Posted on: 03/10/2017
Our recent Power Shift report looks at how generators should switch from fixed Power Purchase Agreements to longer-term structured hedging strategies to get the best revenues in a changing energy market. Chris Smith, Head of Renewable Sales, highlights the potential revenue gains in light of recent market volatility.
Over recent years, the landscape for independent generators has changed rapidly, with subsidies and embedded benefits being reduced and wholesale markets becoming complex and unpredictable.
With that in mind, it’s understandable that 30% of generators under PPAs are on fixed agreements according to Cornwall Insight, typically opting for the traditional ‘once-a-year’ price fix.
This approach limits generators from accessing the power market value that more resourced and larger generators benefit from.
Over the past few months, prices have moved within large ranges. Outside of significant daily movements, Summer 18 ranged from £39.40 up to £43.25 and Winter 17 from a low of £45.55 to nearly £52.00 between July and September.
What would it mean for your project if you had hedged your power at the upper end of that range? A few pounds per MWh extra would presumably be very welcome!
The generators that I speak to are regularly frustrated by missing these opportunities but just don’t have the time, resource or expertise to watch the market closely.
It was this market feedback that has led to us developing a UK-first product, a fully managed trigger-based PPA. The ManagedPPA product aims to mitigate risk for generators from purchasing at market lows and support earning opportunities from upward market movements, without the pressure of continuous decision-making usually associated with more active hedging strategies.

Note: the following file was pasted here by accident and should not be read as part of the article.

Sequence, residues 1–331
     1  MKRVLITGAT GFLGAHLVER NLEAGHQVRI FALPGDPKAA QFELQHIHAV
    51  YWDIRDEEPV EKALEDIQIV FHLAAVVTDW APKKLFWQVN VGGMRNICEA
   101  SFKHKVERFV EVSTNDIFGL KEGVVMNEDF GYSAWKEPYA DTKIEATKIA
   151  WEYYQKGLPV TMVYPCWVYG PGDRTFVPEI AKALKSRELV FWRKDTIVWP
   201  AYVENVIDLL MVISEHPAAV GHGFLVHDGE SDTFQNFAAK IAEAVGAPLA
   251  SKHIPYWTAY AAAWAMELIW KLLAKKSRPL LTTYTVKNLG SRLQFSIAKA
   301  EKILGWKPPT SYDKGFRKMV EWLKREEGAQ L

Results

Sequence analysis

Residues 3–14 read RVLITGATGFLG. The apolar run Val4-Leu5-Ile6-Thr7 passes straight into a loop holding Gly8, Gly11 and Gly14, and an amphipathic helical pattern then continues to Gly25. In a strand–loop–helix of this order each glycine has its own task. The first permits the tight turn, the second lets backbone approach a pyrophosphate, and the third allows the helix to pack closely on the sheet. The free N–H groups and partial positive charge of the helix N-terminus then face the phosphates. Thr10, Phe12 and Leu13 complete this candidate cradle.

For our recent Power Shift report, we analysed three example generation projects to determine the value that ManagedPPA would have delivered over the two-year term.
The biogas asset would have achieved 8.3% higher earnings over the Summer 15 to Winter 16 period. The greater value is clearly derived from the back two seasons where the product allows you to benefit from a longer hedging horizon.
The onshore wind example is for a similar time period and again shows similar results with 6.7% earnings with the increased value coming from the back two seasons.
For the energy from waste project, the time frame is changed and more marginal. However, for a non-Renewables Obligation project, a 3.4% increase over earnings would have been significant.
Whilst a relatively small sample of three, the consistent message is that all the projects would have derived greater value for their power on the ManagedPPA.
With prices becoming increasingly volatile as the market continues to fundamentally change, these opportunities to earn more are only going to increase.
We would encourage you to get in touch with us to discuss how ManagedPPA could work for your project.
About the author
Chris joined SmartestEnergy’s Renewables team in 2017 from Danish energy trading company Neas Energy. He works with generators to develop solutions to help them maximise returns in a changing environment for renewable projects. Chris began his career in the energy sector in 1996 with Eastern Natural Gas. He went on to work as a Generation Services Senior Business Development Manager at RWE npower, developing PPA solutions for customers. He has also worked on the supply side with industrial and commercial users. His role as Business Development Manager at Neas saw him build its UK PPA and CHP portfolio from market entry. Chris has a BA in Business Studies from De Montfort University, Leicester.